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About wave function of photon

  1. Jan 12, 2015 #1
    hello, is the wave function of a photon is as same as the classical wave exhibited by a group of photons ?
    If no, what is the relationship between the wave function associated with a single photon and the classical wave which describes the behavior (such as diffraction) of light (a group of photons) ?
     
  2. jcsd
  3. Jan 12, 2015 #2
    No, the classical electromagnetic wave is not related like that to photons. First of all, the photon does not have a wavefunction in the sense you are suggesting. There is no way to expand the state of a photon in the position basis to get a meaningful state description. The relationship between the quantum field of which photons are the excitations and the classical EM field is given by field operators and their expectation values. In order to understand what this means you will have to study quantum field theory or at least the quantisation of the electromagnetic field.

    It's also not very clear what a single photon is even supposed to be. There are different definitions of what a photon is, but you will mostly get two answers depending on whether you ask an experimentalist or a theorist. 1) A single photon is what makes the detector click exactly once and is absorbed at the same time. 2) A single photon is the state of the EM quantum field with particle number 1. Multiple photon states are defined accordingly.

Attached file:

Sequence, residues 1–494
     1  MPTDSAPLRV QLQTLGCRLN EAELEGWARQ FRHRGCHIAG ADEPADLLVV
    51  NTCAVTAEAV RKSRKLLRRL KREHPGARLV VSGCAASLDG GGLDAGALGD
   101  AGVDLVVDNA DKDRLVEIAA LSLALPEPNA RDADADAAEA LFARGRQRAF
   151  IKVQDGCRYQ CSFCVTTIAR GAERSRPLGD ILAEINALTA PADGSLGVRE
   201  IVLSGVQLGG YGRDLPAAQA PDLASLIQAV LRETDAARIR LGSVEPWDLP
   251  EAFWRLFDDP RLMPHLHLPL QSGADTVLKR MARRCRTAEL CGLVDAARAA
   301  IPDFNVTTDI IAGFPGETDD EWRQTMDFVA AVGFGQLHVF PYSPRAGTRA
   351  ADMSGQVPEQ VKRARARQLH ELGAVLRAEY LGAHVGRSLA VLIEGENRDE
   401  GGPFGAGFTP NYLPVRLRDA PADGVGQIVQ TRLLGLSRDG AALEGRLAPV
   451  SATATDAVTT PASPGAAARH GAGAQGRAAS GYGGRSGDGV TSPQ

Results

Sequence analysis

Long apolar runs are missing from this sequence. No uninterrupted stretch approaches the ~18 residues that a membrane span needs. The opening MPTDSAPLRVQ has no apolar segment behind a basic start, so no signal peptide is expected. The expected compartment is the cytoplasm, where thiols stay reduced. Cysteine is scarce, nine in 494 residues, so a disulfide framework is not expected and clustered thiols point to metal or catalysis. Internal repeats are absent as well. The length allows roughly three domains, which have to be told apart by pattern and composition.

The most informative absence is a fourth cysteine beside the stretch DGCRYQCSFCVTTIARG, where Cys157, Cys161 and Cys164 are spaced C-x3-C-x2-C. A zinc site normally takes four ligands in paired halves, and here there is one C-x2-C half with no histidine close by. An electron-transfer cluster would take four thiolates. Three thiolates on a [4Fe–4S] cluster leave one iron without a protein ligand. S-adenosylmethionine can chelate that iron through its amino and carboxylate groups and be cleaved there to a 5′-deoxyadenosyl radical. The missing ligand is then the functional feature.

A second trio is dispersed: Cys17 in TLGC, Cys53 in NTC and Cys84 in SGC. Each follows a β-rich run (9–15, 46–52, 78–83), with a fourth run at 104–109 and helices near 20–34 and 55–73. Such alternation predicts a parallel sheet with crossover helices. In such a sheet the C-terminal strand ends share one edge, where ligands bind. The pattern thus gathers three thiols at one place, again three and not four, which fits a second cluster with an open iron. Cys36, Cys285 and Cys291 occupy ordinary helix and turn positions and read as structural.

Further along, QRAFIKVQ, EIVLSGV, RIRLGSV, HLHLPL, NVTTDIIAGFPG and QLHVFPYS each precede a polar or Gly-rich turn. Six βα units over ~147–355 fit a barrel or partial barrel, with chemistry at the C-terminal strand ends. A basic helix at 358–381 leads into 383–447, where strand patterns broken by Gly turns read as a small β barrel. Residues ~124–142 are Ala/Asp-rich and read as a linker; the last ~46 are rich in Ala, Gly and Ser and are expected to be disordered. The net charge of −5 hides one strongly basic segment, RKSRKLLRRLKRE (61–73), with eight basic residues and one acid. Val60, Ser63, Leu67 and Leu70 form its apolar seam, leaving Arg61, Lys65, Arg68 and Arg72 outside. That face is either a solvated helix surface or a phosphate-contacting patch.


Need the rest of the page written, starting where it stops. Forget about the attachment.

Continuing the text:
These two definitions are not identical and it's not obvious if they're even compatible. If you are pedantic about the field state in 2) being an eigenstate of the particle number operator they're surely incompatible. More relaxed interpretations can bring the concepts closer together, but it's still a very difficult concept.

    So asking about the field of a single photon is both difficult to answer and not even that well defined. It's however certainly not the classical EM field.
     
  4. Jan 12, 2015 #3

    bhobba

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    It's a difficult issue.

    It has been discussed on this forum before and generates a lot of robust discussion.

    At the risk of simply regurgitating that you may find the following helpful:
    http://arxiv.org/ftp/quant-ph/papers/0604/0604169.pdf

    Thanks
    Bill
     
    Last edited: Jan 13, 2015
  5. Jan 12, 2015 #4

    blue_leaf77

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    There are a couple of representations for describing the state of a photon. Two of them are number state (or Fock state) which Jazzdude has given a brief intro about, and coherent state. Number state is the eigenstate of photon Hamiltonian (i.e. photon energy) which happens to be the same as harmonic oscillator hamiltonian.
    While coherent state is defined to be linear superposition of many number states. And if you look for the expectation value electric field in coherent states, you will find that the expectation value forms a sinusoidal function w.r.t phase. If i'm not mistaken this is why some people regards coherent state to be the closest quantum representation of light the its classical counterpart. Simply because in classical EM wave, the E field is sinusoidal in time.